People evaluate the significance of events for their well-being through cognitive appraisal processes. Each specific emotion corresponds to a different appraisal, a different situational meaning structure.1Every situation consists of different components. The component which is dominant for a person determines which emotion will arise. Components which are important in the appraisal of the situation for children with cancer and their parents are uncertainty, uncontrollability of the situation, responsibility, restriction of freedom, and the long duration of the situation. Uncertainty about the course and outcome of the disease is a condition related to hope and fear. Indications pointing to a remission of the disease contribute to a feeling of hope and trust, while indications of a relapse or recurrence of the disease evoke feelings of fear that all efforts will be unsuccessful. Being confronted with cancer means being confronted with uncontrollability, which easily evokes feelings of helplessness. Children and parents cannot influence the disease or the treatment process very much. This is in the hands of doctors and nurses. The child has to undergo many painful medical procedures while parents stand by helplessly. The child is frequently unable to attend school, participate in sports, and/or play with friends. Parents have to make arrangements for work, housekeeping, holidays, support for the siblings, and so on. These limitations of freedom of action evoke feelings of frustration and anger. The answer to the question as to who or what is responsible for the situation is related to feelings of guilt if the person feels that he or she is to blame, or anger if someone else is to blame. Long duration of the threatening situation is associated with feelings of exhaustion and depression if the child or parent does not perceive an end to the suffering.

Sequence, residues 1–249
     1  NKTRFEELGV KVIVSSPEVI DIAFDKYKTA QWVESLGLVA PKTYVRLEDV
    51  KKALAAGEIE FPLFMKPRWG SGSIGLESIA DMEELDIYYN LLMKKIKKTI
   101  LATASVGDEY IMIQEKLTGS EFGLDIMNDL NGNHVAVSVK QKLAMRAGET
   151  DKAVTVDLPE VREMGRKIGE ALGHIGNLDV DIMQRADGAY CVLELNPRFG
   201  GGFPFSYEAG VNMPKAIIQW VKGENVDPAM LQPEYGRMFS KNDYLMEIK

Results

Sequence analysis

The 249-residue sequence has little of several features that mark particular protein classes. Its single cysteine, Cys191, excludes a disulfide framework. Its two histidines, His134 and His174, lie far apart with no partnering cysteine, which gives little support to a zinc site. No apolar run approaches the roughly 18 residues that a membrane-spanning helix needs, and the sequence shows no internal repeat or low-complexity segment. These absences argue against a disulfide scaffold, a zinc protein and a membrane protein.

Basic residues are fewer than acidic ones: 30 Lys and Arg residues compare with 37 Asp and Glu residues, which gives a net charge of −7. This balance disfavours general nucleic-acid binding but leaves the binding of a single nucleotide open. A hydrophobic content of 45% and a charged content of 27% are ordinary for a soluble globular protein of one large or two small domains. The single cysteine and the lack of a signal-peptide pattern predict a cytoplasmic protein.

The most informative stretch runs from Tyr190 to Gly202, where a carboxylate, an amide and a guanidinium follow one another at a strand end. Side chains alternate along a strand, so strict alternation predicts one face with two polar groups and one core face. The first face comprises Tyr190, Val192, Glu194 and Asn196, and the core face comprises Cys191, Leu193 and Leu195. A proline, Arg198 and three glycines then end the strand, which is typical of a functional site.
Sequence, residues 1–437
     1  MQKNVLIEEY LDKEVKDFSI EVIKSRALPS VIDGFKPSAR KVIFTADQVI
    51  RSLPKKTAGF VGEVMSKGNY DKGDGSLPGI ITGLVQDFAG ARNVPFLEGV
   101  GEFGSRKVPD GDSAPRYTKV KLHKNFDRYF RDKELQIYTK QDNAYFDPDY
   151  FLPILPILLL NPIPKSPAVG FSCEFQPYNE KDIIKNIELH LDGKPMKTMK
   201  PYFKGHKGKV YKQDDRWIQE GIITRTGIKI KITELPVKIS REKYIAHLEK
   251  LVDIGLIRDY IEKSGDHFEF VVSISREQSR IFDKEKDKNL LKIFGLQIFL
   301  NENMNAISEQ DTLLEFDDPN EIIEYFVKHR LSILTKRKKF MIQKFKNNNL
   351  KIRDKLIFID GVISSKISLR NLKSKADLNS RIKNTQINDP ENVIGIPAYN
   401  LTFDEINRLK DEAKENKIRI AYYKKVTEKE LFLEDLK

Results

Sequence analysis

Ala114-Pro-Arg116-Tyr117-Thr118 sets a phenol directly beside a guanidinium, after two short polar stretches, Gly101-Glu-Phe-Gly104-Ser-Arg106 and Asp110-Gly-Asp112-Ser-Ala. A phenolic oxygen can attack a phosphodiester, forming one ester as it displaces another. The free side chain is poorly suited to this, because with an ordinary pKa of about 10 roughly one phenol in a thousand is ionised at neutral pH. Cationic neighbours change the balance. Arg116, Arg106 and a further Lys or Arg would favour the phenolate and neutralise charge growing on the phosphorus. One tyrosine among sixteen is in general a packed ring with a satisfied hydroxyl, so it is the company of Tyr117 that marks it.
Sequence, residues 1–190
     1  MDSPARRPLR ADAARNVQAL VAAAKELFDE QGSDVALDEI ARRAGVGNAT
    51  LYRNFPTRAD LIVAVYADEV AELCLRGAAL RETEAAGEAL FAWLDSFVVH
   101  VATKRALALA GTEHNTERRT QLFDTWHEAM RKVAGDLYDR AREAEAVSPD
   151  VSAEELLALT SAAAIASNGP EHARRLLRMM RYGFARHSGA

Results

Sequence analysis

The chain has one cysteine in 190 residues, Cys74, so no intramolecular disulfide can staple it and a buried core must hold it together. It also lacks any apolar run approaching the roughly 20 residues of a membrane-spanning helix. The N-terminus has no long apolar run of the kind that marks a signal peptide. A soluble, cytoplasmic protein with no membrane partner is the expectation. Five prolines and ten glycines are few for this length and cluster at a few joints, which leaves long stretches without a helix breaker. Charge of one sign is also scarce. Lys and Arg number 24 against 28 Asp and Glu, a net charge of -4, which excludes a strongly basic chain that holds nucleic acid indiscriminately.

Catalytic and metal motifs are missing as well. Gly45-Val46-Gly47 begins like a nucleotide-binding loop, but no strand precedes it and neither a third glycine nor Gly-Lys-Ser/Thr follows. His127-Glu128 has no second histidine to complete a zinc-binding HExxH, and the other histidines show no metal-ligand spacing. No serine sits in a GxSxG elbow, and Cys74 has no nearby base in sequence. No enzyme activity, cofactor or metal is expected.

The family of a child with cancer lives under high emotional distress during the medical treatment of the ill child. Children are faced with repeated invasive medical procedures as part of their treatment or as a method for evaluating the effectiveness of treatment. Frequent visits to the hospital ward are common, especially when the treatment is of long duration or when complications occur. The family is confronted with constant uncertainty regarding the course of the disease and its prognosis, and with changes in the ill child's physical condition, appearance, and behavioural reactions to the illness.